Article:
The emerging view in the scholarship about the Sudanese Women's Union (SWU) is that it was basically the creation of the patriarchal Sudanese Communist Party (SCP). On the contrary, this essay will argue that it was the product of the party's women's cadre. To this effect, the essay revisits a debate about gender and Marxism that took place in the party after the October Revolution of 1964, which led to the enfranchisement of women as full-fledged citizens. This debate pitted Abdel Khaliq Mahgoub, secretary of the SCP, and Fatima Ahmed Ibrahim, a member of the Political Bureau of the SCP and president of the SWU. In this debate, Ibrahim was critical of the reform of the SWU proposed by Mahgoub. The reform revolved around two issues. First, the SWU should engage the gender issue by addressing the relation of men and women in society. Second, the SWU should reorganize itself. This restructuring initiative was intended to better serve women's grassroots organizations. Ibrahim dismissed the gender part of Mahgoub's initiative as premature and secondary to engaging women in national politics at large. Worse, she rejected the restructuring of the union as a liquidationist idea. The reform was eventually forgotten because the party was pressed by political contingencies that led to its downfall in 1971.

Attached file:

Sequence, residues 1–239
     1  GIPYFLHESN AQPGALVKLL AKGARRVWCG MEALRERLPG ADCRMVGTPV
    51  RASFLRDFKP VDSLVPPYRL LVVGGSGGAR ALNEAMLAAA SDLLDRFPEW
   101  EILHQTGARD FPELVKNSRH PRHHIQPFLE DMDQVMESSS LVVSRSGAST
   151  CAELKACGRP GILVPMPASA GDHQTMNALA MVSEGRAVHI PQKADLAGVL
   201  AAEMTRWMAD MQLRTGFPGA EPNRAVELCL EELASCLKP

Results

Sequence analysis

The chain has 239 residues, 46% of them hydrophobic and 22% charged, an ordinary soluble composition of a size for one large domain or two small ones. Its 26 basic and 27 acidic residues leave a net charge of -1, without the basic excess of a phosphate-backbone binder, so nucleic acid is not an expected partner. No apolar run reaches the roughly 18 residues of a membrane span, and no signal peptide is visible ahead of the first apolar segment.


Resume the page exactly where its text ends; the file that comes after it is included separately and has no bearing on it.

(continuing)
Abdullahi Ali Ibrahim; The House That Matriarchy Built: The Sudanese Women's Union. South Atlantic Quarterly 1 January 2010; 109 (1): 53–74. doi: https://doi.org/10.1215/00382876-2009-024
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